I would have said it was more low contrast and desaturated. For me it's not a good look although it sort of works on this frame:
I went to watch it tonight and I actually loved the movie.
The pace is absolutely brilliant, every single thing is super measured and the framing is quite perfect for the type of movie that "The Witch" is.
In my opinion, the 1.66 ratio is a great election for the movie because it makes you feel a bit disorientated at the beginning, as the family is and then it becomes part of the story and gives the visual look of the movie its strength.
Again, I am the very first one who doesn't like flat images but the cinematography of "The Witch" is full of subtleties and tones and yet very monochromatic which helps sell the idea of it being in New England at that time.
The interiors of the movie are brilliantly done and although they have a really naturalistic approach, you can see that every single frame was very well thought and lit.
I remember one sequence where the older girl is praying and the texture and quality of the image introduces you in "The Witch's" world.
As for the directing part, I definitely think that it is very well directed.
The director knows exactly what to not show and what to show and where to guide the viewers within the frame.
The actors are just fabulous and the older fella is by far the best one in the movie.. the way he looks at his older sister, the way he follows his dad, everything!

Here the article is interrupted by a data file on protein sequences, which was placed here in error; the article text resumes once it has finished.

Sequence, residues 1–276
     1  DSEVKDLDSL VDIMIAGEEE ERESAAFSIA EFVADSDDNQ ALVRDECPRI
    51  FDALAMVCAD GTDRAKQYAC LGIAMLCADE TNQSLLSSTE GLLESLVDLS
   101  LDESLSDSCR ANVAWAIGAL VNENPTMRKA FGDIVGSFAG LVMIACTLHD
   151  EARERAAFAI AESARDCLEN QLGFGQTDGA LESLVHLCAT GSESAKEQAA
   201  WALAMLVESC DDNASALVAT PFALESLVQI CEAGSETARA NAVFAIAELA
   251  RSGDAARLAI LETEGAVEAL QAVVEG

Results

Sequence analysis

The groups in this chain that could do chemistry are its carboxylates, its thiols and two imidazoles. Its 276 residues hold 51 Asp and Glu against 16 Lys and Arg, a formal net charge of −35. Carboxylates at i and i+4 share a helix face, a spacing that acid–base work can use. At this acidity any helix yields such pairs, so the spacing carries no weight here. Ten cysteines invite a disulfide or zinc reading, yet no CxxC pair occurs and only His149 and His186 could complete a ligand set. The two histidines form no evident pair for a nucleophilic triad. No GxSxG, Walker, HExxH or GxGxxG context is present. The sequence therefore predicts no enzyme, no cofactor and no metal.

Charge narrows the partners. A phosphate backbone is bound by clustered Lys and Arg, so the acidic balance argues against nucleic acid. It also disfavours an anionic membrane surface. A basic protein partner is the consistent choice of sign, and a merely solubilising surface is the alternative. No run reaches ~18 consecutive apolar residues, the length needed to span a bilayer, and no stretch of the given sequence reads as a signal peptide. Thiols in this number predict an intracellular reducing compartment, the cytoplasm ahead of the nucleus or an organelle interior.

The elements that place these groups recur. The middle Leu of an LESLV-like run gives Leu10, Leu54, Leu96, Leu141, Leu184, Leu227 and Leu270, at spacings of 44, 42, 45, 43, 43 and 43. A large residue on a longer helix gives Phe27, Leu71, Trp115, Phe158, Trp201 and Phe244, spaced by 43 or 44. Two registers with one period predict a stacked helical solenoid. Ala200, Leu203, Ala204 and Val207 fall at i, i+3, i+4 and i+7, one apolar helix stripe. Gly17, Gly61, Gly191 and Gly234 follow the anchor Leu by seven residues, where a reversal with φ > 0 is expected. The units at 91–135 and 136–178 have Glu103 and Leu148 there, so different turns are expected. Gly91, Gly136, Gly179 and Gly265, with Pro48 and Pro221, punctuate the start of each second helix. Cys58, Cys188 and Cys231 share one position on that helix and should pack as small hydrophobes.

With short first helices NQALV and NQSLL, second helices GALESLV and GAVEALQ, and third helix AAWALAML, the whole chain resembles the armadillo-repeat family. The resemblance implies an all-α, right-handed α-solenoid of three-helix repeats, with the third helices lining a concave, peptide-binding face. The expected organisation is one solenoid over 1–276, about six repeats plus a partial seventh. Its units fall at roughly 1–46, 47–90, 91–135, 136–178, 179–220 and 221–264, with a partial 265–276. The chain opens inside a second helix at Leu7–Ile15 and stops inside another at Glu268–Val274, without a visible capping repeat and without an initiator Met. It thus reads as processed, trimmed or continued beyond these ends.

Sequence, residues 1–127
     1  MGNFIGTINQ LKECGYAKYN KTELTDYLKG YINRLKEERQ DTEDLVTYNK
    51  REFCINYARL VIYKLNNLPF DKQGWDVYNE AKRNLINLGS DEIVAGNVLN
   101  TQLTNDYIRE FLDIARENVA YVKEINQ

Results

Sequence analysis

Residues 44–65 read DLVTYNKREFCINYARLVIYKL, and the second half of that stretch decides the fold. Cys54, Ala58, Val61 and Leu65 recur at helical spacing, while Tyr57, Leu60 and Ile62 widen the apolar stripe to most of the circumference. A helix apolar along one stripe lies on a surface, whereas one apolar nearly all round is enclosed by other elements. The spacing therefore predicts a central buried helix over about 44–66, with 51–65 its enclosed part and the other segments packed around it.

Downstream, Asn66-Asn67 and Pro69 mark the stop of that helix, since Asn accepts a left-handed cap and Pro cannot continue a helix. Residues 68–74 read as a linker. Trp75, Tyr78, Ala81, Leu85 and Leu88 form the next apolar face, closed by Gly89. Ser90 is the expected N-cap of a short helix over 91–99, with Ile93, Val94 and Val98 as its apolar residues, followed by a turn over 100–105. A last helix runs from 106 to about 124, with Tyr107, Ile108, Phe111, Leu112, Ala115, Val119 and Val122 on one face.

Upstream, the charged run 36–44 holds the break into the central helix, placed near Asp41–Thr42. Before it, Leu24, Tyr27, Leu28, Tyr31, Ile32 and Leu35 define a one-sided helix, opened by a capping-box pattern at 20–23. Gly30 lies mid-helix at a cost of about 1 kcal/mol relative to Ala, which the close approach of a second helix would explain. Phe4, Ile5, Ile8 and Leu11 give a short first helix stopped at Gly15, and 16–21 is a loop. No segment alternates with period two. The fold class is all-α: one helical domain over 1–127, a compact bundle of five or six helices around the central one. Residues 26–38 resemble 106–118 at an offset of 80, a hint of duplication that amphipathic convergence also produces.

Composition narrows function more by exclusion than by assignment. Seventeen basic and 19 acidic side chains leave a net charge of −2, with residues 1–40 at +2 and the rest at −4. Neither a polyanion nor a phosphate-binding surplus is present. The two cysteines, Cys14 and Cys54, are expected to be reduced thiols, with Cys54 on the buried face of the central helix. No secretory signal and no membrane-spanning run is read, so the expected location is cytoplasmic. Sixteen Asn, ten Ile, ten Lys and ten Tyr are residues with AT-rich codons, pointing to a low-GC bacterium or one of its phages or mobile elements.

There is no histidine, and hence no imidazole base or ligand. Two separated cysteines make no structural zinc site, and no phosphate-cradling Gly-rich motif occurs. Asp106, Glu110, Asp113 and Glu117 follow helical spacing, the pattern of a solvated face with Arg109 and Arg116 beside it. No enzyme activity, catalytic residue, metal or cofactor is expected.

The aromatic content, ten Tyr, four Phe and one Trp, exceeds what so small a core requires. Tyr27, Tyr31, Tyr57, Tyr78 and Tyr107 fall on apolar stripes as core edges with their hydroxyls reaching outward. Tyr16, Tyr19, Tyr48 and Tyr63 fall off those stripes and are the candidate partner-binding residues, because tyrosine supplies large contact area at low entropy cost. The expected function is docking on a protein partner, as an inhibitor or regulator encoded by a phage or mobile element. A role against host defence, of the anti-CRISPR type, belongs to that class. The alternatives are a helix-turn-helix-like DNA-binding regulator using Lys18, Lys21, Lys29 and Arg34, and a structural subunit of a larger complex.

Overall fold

There is also a lot of tension, helped by the pace of the movie, which is released at the end, creating a massive sense of discomfort.
The only thing I would have changed is the idea of the witch, as opposed as showing it and letting the viewer know that there are witches, that they are real, I would have played with the character's psychology a bit more, but that's just a really minor point
I agree it was a descent movie.... Though I really didn't enjoy it. I found that the slow nature of 'getting to the point' was torture, and a lot of it was what I would consider 'filler'. It had its chilling moments, but it just didn't 'work' for me. The 1.66:1 was okay, but in the theatre I saw it in, it was distracting having the grey bars on the side - just seemed out of place. Honestly, would 1.85:1 been so different from the 1.66:1 ratio that it was worth the trouble.
I still think the film was just too dark. It suffered from the same effect as Tim Burton's Sleepy Hollow, which was a good movie - though the constant darkness and lack of color was tiring on the eyes.
One of the first that has had me excited in a long time.
However I really don't like the look of it.
Maybe it works when you see it all in context but I suspect I just don't like this kind of look and other people are okay with it.
I've never been able to get my head around that but I've had discussions about it with people and can only conclude that it is a problem with my personal taste as plenty of other people have no issue with this kind of look.